Identification of parts can be really tricky, especially if there are multiple parts in one file, but when connection beams break during the process identifying gets nearly impossible. So it is very important that the connections withstand the whole process.

Keep in mind that besides the weight of the parts themselves the connections have to carry the weight of the excess powder while lifting from the powder bed and that for cleaning the parts 4 bar air pressure is applied.

If connections break the parts cannot be addressed to an order and can get lost. This means more work and a late or incomplete delivery for our customers.

In addition relative positioning of the connected parts may not be optimal for 3D printing. So in order to have the best quality we recommend to order the parts separately.

Details describe intricate parts on the surface of you model.

Engraved and embossed details

A very typical example of such a detail is text on your model. To make sure the details come out as imagined and none of the small parts break off during production or shipping, width of details should be kept thick enough.

The height or depth for embossed or engraved texts should be in a range that they are not too shallow or narrow to be clearly visible but at the same time not too much sticking out so structures do not break off easily.

For texts on models we recommend these minimal values for linewidth and height or depth:

Printing method Material Linewidth Height / Depth
Alumide Sintering Alumide 1.0 mm 1.0 mm
Extruded Plastic Thermoplastic ABS 1.5 mm 1.0 mm
Plastic Sintering Polyamide 0.8 mm 0.8 mm
Resin Printing Resin 0.6 mm 0.6 mm
Resin-bonded Plaster Plaster 0.8 mm 0.6 mm
Resin-bonded Plastic Grained Acrylic 0.4 mm 0.4 mm
Rubber Sintering Thermo-PU 2.5 mm 2.5 mm
Silver Casting Silver 0.4 mm 0.4 mm

If the height or depth is significantly larger the limitations for the wall thickness apply.

Should the details on your model be smaller than this you can increase their size, delete them or increase the size of the whole model by scaling. You can also try a different material that allows for smaller details.

Clearance is the distance between neighbouring two parts of a model.


Between two parts of a model there should at least be 2.0 mm of clearance otherwise these parts might be fused together while printing. In that case holes in your model would not be fully displayed.

Even if the parts are not fused together it can happen that support material or powder plugs small gaps and holes. This can also lower the quality of dyeing.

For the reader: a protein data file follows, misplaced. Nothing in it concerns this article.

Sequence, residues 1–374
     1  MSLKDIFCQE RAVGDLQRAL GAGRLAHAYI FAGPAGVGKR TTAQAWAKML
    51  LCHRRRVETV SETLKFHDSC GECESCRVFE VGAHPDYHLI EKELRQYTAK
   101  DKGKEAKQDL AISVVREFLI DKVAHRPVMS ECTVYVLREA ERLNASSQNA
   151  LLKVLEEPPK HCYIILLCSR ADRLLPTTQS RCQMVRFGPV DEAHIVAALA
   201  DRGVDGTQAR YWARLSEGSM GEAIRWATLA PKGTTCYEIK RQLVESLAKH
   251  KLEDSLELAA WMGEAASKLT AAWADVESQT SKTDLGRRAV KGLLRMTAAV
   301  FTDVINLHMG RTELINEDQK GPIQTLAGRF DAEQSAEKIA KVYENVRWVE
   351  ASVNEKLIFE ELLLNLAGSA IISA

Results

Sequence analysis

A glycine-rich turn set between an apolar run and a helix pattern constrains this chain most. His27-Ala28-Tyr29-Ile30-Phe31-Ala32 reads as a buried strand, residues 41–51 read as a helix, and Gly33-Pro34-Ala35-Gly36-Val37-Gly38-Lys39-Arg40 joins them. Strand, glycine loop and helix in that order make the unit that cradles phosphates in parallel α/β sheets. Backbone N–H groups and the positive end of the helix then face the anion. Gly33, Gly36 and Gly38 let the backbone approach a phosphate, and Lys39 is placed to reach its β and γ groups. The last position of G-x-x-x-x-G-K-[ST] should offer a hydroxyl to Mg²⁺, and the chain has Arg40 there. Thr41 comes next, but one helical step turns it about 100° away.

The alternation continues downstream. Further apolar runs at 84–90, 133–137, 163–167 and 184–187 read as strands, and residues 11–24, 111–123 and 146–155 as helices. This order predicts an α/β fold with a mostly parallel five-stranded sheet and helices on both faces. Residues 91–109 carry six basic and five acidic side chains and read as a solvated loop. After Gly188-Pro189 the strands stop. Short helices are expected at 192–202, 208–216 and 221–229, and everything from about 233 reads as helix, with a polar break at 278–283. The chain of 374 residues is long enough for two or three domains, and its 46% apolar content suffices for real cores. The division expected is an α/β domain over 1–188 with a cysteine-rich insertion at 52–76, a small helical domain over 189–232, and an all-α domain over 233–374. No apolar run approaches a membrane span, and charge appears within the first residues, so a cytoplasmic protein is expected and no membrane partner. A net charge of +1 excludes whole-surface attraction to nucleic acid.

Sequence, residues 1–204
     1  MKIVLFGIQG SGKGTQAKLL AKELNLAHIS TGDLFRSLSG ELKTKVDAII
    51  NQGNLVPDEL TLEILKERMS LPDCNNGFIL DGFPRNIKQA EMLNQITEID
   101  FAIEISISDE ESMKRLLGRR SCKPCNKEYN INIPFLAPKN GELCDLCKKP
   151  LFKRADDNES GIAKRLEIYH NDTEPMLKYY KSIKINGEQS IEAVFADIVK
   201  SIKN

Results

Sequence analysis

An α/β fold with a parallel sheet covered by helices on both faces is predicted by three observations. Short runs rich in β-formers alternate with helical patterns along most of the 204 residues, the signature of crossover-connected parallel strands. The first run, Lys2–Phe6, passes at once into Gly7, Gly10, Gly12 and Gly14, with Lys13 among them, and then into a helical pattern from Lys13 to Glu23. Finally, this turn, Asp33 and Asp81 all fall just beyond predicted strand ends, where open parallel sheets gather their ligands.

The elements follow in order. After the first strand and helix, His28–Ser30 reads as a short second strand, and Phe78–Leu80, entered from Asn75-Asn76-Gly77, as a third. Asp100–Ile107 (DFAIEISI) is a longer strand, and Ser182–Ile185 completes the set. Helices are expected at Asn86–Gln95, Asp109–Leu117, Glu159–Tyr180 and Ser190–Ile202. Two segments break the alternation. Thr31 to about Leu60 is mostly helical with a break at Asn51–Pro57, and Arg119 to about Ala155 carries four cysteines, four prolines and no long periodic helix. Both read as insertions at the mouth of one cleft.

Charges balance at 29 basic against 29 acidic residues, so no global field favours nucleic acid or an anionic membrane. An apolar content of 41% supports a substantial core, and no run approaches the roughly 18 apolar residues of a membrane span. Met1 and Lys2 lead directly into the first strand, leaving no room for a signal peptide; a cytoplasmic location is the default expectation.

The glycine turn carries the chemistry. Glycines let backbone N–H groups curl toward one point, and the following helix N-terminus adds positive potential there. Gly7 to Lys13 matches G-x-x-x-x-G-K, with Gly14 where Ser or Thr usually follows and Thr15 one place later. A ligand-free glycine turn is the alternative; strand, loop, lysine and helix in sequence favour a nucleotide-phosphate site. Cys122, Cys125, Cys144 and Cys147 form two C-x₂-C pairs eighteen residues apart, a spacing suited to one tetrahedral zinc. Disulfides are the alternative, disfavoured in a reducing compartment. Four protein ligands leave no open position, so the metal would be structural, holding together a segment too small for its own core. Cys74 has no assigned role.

If you want to be sure not to have much remaining material left we advise to choose clearances as big as 3.0 mm.

If your model currently does not match these parameters you can either widen the clearances or scale up the whole model.

The relationship between two parts designed to have a working mechanical connection is described as fit.

Moving parts and fit

Certain design guidelines should be followed to achieve fit. To make sure two parts will fit, the inner diameter of one part must be bigger than the outer diameter of the other part. Usually a difference in diameter of 0,5mm to 1mm will suffice. Parts which have the same inner diameter and the outer diameter will not fit.

Not all methods are suitable for moving parts.

These methods and materials are suitable or partly suitable for moving parts:

  • Plastic Sintering (Polyamide, white, dyed)
  • Alumide Sintering (Alumide)
  • Extruded Plastic (Thermoplastic ABS)
  • Resin-bonded Plaster (Plaster)
  • Resin-bonded Plastic (Grained Acrylic)
  • Rubber Sintering (Thermo-PU)

These methods and materials are not suitable for moving parts:

  • Resin Printing (Resin)
  • Silver Casting (Silver)

Escape holes allow for unused printing material to be removed from hollow models.

Escape holes

If you do not include escape holes in your model it might get much more expensive because we can not reuse the trapped excess material. Big models should be equipped with several escape holes. If you decide to only use one it should be at least 10mm in diameter.

The cavities should be easily accessible so that the excess material can be removed without much effort. So please do not design maze-type cavities or models formed like snail shells.

If the escape holes in your model are insufficiently small you can increase their diameter or scale up the whole model. You can also add more holes or remove the cavities completely.

Warping describes the bending of a part due to temperature differences within the part.


Especially long and thin parts of your model are affected by warping. Please try to avoid such parts if you can. The warping effect is most associated with the laser sintering method (SLS) because of the high temperatures the laser creates while melting the material.

To avoid warping effects you can increase the wall thickness of the parts in question or add some structural support by adding beams.

It is also recommended to try to avoid mixing of very thin and very thick structures in one part for laser sintering. The reason is that the laser will induce more heat into the thick structures than into the thin ones when it melts together more material for a longer time. The temperature difference can result in warping of the part as well.